How to tell if your child needs prescription glasses for school
The school years are a very formative time in a child's life as they discover, absorb, and relate to new concepts. As parents, you want your kids to make the most out of their educational opportunities, but there’s a very important learning tool that you may be overlooking, or taking for granted: their vision.
Vision affects children's school performance—in terms of grades, well-being, and behavior—to a striking degree. A child's eyes are constantly in use, whether they are coloring, building Lego empires, reading, writing, doing chalkboard work, or using computers. In fact, The American Academy of Ophthalmology estimates that 80 percent of all learning during a child's first 12 years comes through the eyes. Add to that the fact that during their first seven to eight years of life, a child’s vision is still developing, and glasses may be necessary to support normal visual development. That being said, let’s answer the question of the hour: how can I tell if my kids need prescription glasses?
In order to have a great school year, you should really go get tested annually, before school starts. But here are some additional signs in case you have a hunch want to play detective:
Having a short attention span for visually demanding activities.
They may avoid reading and other visual work as much as possible. Alternatively, they could attempt to do the work anyway, but with a lowered level of comprehension or efficiency. They may easily lose their place while reading, or have difficulty remembering what they just read. Children often need to adapt their visual focus from distant to near, on a number of different objects at school, ranging from chalkboards and computers to textbooks and tablets. This is why vision problems may manifest as a lack of focus or behavior problems at school.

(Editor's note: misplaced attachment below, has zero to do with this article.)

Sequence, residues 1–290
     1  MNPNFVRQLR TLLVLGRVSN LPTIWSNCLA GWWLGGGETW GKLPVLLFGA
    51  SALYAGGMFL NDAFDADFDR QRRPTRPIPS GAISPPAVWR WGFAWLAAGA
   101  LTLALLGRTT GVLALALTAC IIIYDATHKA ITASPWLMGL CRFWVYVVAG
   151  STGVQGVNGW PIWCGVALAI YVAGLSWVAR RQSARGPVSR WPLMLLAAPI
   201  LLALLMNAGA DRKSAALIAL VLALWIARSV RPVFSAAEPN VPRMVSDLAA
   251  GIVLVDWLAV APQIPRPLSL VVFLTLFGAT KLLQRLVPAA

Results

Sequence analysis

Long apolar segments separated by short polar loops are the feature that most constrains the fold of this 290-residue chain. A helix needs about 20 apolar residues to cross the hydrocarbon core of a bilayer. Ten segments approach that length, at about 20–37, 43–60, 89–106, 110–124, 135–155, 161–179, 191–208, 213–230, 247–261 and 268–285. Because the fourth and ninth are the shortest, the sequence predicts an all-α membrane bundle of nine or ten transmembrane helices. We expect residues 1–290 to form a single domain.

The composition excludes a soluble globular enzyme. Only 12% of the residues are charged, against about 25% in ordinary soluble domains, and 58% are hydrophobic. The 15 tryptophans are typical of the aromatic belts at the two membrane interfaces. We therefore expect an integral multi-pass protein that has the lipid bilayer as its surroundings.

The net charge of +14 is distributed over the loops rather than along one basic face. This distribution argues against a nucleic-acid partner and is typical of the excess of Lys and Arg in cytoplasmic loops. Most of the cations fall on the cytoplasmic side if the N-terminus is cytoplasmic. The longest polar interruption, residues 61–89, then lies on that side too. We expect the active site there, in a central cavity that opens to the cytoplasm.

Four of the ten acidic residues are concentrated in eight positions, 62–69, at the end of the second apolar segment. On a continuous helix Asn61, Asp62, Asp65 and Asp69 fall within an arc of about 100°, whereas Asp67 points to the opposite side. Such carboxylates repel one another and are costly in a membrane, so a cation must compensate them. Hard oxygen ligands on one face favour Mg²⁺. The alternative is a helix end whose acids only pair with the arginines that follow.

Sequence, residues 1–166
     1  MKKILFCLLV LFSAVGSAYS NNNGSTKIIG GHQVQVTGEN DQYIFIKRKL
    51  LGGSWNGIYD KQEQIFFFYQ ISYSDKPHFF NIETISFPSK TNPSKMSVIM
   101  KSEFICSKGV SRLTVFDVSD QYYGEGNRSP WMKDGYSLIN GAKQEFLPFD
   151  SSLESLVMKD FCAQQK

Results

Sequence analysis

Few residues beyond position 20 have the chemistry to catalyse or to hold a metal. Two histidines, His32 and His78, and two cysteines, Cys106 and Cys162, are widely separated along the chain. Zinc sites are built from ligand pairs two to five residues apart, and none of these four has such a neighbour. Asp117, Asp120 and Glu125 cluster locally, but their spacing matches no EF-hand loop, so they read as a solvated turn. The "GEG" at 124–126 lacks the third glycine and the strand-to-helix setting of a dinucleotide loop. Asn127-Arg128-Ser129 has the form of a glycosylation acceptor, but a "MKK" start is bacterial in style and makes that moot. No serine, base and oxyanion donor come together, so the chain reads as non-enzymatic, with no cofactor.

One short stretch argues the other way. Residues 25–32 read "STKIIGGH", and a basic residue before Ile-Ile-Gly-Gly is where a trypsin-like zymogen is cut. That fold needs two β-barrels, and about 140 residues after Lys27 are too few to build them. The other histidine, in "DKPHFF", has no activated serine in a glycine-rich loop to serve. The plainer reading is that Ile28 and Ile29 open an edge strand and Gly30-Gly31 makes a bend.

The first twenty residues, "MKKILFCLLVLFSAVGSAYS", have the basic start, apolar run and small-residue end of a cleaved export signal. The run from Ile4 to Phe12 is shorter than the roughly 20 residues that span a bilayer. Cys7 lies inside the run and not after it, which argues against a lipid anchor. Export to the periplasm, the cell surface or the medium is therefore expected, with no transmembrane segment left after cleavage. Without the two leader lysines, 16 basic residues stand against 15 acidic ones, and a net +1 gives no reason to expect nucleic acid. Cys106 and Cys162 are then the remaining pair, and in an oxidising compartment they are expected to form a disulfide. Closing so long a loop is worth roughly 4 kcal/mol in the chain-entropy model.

Squinting may be a sign that your child has a refractive error, which affects how well the eyes focus on an image. By squinting, they may be able to temporarily improve the focus and clarity of an object.
Sitting too close to the television or holding hand-held devices too close to the eyes.
Sitting too close to the television, holding hand-held devices too close to the eyes or lowering the head while reading are all possible signs of poor vision. People who have myopia, or nearsightedness, have clear vision at close range and poorer vision at a distance. Bringing an object closer makes an image bigger and clearer.
Experiencing discomfort and fatigue.
If your child complains about eye pain or headaches at the end of the day, he or she may be overexerting the eyes in an effort to increase focus of blurred vision.
Rubbing eyes excessively.
Excessive eye rubbing may indicate that your child is experiencing eye fatigue or strain. This could be a sign of many types of vision problems and conditions, including allergic conjunctivitis.
Tilting head or covering one eye.
Your child might cover one eye or tilt his or her head to adjust the angle of vision in an attempt to increase clarity. This might be an indication that the eyes are misaligned or that your child has “lazy eye,” which is one of the most common eye disorders in children.
If you answered yes to at least one of these, it would probably be best to go get tested. At Optiwow we really recommend getting your kids checked early. Being informed and planning for optimal vision is very important to aid your child’s growth and learning!